$4M Hindu temple opens in Rankin: Mississippi's Hindu population grows
Mississippi's Hindu population has increased since Sampat Shivangi immigrated to the state in 1978, just as the population nationally has done. The Hindu population of America has grown from 1,700 in 1900 to 2.29 million in 2008.
When Shivangi moved to Mississippi, only a handful of Indian families were living in the state. Today, "I would (estimate that there are) close to 1,000," said Shivangi, chairman of the Hindu Temple Society of Mississippi's Public Relations Committee.
That growth is one reason the society's members decided to build a bigger temple in front of the original structure on three acres in Rankin County.
They broke ground on the $4 million project in 2005, and on Wednesday, the 3,500-square-foot worship site at 173 Vernon Jones Ave. was inaugurated.
"This temple is built with beautiful, traditional artwork," Shivangi said. "The structure embodies intricate carvings displaying every aspect of Sanatan Dharma, the traditional ancient Indian religions.
"We, the Indian Americans in Mississippi, bring this gift as a symbol of our most ancient tradition. This new temple represents a meeting place between the material world and the reality beyond the vision."
The Hindu Temple Society of Mississippi was established in 1986 as a nonprofit organization to promote religious, charitable and educational activities.
Its mission is to provide a place for Hindus to worship in traditional style and provide religious, humanitarian, cultural and educational resources to all interested in Hinduism.
A five-day celebration of the grand opening, referred to as the Prana Prathishta/Kumbhabhishekam Ceremony, was held May 22-26. Priests declared those as the most favorable days to perform the extensive rituals necessary for the event.
V. V. Prakasa Rao moved to Texas last year after living for 35 years in Mississippi but he returned to be part of the celebration.
"In 1980, there were about 45 Indian families here," said Rao, who retired in 2006 as chairman of Jackson State University's Department of Sociology and Criminology. "We realized there must be something we could do for our
children because they needed to know the roots of the religion.
"This is about the preservation of the essence of Hinduism. In Hinduism, we believe that the Almighty is one, but he is manifested in millions and millions of manifestations."
Hinduism is the third largest organized religion in the world, behind Christianity and Islam, with about a billion followers. As with any religion, beliefs vary by community, but reincarnation is a primary belief.
Followers believe that in death, the soul is reborn as a human or animal continuously until the soul achieves spiritual perfection and is united with the supreme being.
Hinduism has many deities, which are all manifestations of one God. The primary trio is made up of Brahma, the creator; Vishnu, the preserver; and Shiva, the destroyer.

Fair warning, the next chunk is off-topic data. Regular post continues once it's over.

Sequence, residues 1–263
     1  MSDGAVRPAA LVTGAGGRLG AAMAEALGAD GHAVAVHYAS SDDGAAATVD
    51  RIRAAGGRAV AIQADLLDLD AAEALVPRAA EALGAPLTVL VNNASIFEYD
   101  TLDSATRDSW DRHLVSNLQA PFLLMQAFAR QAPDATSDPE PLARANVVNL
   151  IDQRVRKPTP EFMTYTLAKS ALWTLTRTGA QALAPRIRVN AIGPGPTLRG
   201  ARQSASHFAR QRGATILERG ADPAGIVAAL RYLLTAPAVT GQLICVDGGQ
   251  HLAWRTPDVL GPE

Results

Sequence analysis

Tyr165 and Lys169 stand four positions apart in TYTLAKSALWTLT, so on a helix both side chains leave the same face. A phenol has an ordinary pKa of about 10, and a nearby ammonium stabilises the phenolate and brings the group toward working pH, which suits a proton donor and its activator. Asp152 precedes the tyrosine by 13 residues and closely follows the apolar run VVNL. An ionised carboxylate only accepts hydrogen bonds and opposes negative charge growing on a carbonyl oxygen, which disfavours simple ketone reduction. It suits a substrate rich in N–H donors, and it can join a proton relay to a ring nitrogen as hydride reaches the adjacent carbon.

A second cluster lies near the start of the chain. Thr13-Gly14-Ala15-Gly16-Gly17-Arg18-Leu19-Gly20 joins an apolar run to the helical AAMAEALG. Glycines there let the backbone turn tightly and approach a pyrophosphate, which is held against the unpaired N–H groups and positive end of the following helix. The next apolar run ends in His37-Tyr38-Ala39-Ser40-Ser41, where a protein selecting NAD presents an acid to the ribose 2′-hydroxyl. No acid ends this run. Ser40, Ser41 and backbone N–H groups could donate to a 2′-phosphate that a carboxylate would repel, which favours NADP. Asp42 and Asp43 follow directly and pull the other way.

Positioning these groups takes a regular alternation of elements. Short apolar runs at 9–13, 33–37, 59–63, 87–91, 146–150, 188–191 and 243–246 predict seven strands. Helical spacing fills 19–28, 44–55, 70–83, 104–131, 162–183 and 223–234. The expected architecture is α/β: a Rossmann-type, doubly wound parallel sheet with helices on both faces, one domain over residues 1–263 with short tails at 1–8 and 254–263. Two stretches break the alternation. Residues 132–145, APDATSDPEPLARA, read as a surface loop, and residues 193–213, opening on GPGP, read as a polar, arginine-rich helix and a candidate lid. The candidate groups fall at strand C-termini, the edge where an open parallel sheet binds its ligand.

"In Hinduism, we value the freedom to worship," said Rao, who has toured temples all over the country and believes the Brandon temple is the most beautiful Hindu temple in the South.
The new temple construction began in 2006. The building features 22 columns, an outdoor and indoor dome and a 45-foot-tall front structure. Inside, there are three main temples for Lords Balaji, Shiva and Rama, and more than 10 subtemples for demigods and goddesses that represent various Indian cultures.
The last ceremonial step was moving and installing the deities from the old temple to the new one and performing rituals for installing divinity and spiritual power.
"We are going to evoke life into the gods that were installed into the temple," said Baldev Patel, who moved from California to Mississippi in 1986 and is now chairman of the Hindu Temple Society.
"Since then, I have learned to live from the (Bhagavad) Gita, (a sacred Hindu scripture)," he said, "and coming to the temple changed my life."
More than 16 Hindu priests were invited to this week's event from various parts of the U.S. and India. Shivangi said eight artisans from India spent four years in Mississippi completing the temple's unique handcarved designs.
"They came in 2004," he said. "This is what they have done from childhood. They learn from their parents, and this is what they do for a living. They move from temple to temple."
Rusty Pyron, who lives in a community behind the temple, drove up in a golf cart to check out construction last week.
"We've lived here six years," he said. "We've watched the whole thing being built out here. It's one of the prettiest buildings in Jackson."
Todd Tyler, of Todd Tyler Landscapes, has been sculpting the lawn the past six weeks.
"It's been a unique project unlike any we've ever worked on," he said. "It was an educational process."
Jerry Patel, a member of the Prana Prathishta event steering committee, said many American subcontractors were used to complete the project.
"We're proud they played a part in the building of this temple," he said.
"Lately, in the last several weeks, we've had an unprecedented amount of people wanting to know what it is," he said. "Our long-term goal is that we will have recordings in (different languages) that explain what each deity means, and it will be a tourist destination.
"We have brought India to Mississippi."